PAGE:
I couldn’t have had better luck! In planning this adventure, the weakest link was landfall in China. How would I make myself understood standing outside the immigration gate at Xiamen Container Port? How would I ever get to the train station, book tickets, and make my way to Shanghai?
Yang Dong Feng, the Container Company’s Port Agent, became my guardian angel and friend. When I explained to him that I needed to get to the train station, he volunteered to take me and to serve as my translator.
The station was mobbed, the day humid, and the temperature oppressively hot. There were hundreds of signs, but none in English. Even Arabic numbers were few and far between. Mr. Yang helped me with my baggage, stood on line, and bought my ticket for Shanghai.
The only rub was that the next available train didn’t leave until nearly midnight and it was then just past noon. At this juncture, Mr Yang asked ‘Where will you wait? Do you have a friend in Xiamen?’
I answered, ‘I guess I’ll have to camp out right here at the terminal,’ anticipating a long. uncomfortable day followed by an overnight train trip.
‘Come home with me and have lunch’ was Yang’s reply.’ I demurred, but he persisted saying the food at the station wasn’t good and I’d go hungry. Ultimately, I accepted and away we went. I met Mrs Yang, both his young children, and his smiling mother-in-law. They made me lunch and dinner, gave me a television to watch (nature shows, some in English from America), and the whole family took me to the train station at 22:00 hours. As their car pulled away, all the Yangs waived and clapped. I have friends in China!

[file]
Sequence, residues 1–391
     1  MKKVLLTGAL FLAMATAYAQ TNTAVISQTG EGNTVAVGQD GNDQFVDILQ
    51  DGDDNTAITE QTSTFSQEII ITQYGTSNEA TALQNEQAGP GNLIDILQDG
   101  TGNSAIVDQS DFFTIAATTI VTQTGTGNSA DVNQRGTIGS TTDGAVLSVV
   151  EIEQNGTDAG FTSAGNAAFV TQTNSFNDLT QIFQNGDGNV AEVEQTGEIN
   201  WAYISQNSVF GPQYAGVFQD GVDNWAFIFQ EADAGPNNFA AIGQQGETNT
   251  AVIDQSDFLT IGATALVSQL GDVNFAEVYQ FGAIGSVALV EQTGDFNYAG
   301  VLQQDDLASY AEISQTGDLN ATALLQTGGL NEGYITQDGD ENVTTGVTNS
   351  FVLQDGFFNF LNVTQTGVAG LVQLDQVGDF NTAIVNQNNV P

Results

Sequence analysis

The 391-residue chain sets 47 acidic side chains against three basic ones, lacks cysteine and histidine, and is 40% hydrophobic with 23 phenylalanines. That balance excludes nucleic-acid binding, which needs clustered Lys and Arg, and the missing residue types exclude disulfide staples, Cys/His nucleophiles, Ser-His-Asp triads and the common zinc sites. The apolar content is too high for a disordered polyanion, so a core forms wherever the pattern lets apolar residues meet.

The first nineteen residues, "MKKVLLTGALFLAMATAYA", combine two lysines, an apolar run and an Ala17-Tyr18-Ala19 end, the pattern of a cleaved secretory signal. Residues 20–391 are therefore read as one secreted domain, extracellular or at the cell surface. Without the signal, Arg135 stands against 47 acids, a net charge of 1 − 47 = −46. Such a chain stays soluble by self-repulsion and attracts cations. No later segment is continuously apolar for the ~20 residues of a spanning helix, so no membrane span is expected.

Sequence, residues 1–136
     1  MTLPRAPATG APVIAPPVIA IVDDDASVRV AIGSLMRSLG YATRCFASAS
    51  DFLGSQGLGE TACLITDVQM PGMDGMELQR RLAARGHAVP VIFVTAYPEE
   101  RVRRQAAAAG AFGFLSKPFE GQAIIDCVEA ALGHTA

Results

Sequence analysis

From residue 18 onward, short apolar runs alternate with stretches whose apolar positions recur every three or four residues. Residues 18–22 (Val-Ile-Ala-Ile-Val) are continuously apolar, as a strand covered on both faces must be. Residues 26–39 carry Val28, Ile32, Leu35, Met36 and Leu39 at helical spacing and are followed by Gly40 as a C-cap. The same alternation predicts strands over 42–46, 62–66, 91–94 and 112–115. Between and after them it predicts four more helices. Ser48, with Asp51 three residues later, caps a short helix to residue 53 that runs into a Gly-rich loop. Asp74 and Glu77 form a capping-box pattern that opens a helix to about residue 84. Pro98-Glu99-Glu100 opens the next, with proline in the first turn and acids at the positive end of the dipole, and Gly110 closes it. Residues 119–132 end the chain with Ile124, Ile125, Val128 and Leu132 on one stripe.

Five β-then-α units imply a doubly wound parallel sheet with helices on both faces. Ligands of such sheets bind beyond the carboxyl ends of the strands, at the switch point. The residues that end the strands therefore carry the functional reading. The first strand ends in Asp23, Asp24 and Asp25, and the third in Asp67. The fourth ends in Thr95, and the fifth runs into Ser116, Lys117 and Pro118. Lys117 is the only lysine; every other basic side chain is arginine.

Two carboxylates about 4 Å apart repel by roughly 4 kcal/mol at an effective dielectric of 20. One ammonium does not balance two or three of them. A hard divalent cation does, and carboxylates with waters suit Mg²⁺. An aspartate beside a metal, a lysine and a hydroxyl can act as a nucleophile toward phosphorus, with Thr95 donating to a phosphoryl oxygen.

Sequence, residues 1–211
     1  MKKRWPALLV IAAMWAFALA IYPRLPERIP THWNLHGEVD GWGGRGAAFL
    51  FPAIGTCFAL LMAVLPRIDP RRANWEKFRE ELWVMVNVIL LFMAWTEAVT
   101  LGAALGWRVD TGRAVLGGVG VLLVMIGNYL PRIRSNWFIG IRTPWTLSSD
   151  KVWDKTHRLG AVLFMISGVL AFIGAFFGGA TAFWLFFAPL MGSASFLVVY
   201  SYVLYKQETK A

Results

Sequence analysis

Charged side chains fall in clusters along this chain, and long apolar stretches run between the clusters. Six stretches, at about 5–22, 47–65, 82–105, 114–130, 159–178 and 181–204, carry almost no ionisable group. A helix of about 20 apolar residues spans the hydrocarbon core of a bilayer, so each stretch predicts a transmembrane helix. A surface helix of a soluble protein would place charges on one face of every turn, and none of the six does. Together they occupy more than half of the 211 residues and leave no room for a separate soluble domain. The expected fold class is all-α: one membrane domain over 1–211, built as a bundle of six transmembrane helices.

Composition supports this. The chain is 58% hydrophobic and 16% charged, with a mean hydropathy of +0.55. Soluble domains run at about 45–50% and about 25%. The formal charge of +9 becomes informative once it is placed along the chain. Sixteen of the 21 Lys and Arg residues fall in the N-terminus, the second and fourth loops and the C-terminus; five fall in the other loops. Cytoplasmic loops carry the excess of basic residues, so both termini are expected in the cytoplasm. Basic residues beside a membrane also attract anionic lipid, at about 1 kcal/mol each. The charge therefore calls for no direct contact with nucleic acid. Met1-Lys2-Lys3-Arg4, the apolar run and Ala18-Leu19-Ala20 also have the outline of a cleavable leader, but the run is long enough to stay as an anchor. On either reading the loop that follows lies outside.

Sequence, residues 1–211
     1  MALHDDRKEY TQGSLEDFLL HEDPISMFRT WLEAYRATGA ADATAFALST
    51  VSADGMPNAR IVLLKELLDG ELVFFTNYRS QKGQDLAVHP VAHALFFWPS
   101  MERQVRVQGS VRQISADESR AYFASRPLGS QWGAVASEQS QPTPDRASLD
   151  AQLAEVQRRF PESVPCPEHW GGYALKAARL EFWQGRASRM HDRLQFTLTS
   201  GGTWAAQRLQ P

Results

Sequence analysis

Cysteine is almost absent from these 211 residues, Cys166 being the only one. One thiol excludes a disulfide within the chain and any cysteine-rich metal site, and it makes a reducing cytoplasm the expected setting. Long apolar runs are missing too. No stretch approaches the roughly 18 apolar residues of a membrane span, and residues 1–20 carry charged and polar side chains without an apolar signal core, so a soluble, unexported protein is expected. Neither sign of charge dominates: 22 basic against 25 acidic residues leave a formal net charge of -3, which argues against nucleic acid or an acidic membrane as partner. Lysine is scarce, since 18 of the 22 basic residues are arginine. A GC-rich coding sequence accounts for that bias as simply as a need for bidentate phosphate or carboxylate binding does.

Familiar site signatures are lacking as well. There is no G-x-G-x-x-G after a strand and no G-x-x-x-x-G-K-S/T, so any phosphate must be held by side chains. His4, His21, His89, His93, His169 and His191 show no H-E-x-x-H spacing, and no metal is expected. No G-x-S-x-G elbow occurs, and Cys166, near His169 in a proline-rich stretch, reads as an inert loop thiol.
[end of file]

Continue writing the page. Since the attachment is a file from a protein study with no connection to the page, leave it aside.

On the bullet train I met another English speaker, a young teacher and her husband. We chatted briefly, but it was after midnight and I was tired. As I drifted off to sleep, I said a prayer of thanks for the Yangs who showed loving-kindness to a stranger at their door.
Flying through the night at 300 kph, I dreamed my way to Shanghai, gateway to the Perfume Empire.